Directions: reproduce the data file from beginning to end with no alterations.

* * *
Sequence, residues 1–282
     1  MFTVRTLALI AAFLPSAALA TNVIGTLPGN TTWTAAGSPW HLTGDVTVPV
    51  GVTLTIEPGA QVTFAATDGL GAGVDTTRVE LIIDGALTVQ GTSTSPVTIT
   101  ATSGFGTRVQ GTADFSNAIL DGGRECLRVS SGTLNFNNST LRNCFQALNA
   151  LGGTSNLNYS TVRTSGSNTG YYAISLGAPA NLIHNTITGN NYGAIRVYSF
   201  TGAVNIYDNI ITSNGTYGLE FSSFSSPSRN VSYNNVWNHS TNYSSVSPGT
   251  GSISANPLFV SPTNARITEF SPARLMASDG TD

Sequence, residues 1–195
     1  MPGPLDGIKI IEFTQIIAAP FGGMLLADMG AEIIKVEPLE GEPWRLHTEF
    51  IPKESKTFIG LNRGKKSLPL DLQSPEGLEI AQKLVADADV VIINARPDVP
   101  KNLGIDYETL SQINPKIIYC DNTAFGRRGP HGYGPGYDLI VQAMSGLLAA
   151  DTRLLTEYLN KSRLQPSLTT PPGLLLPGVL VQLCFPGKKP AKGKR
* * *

Sequence, residues 1–282
     1  MFTVRTLALI AAFLPSAALA TNVIGTLPGN TTWTAAGSPW HLTGDVTVPV
    51  GVTLTIEPGA QVTFAATDGL GAGVDTTRVE LIIDGALTVQ GTSTSPVTIT
   101  ATSGFGTRVQ GTADFSNAIL DGGRECLRVS SGTLNFNNST LRNCFQALNA
   151  LGGTSNLNYS TVRTSGSNTG YYAISLGAPA NLIHNTITGN NYGAIRVYSF
   201  TGAVNIYDNI ITSNGTYGLE FSSFSSPSRN VSYNNVWNHS TNYSSVSPGT
   251  GSISANPLFV SPTNARITEF SPARLMASDG TD

Sequence, residues 1–195
     1  MPGPLDGIKI IEFTQIIAAP FGGMLLADMG AEIIKVEPLE GEPWRLHTEF
    51  IPKESKTFIG LNRGKKSLPL DLQSPEGLEI AQKLVADADV VIINARPDVP
   101  KNLGIDYETL SQINPKIIYC DNTAFGRRGP HGYGPGYDLI VQAMSGLLAA
   151  DTRLLTEYLN KSRLQPSLTT PPGLLLPGVL VQLCFPGKKP AKGKR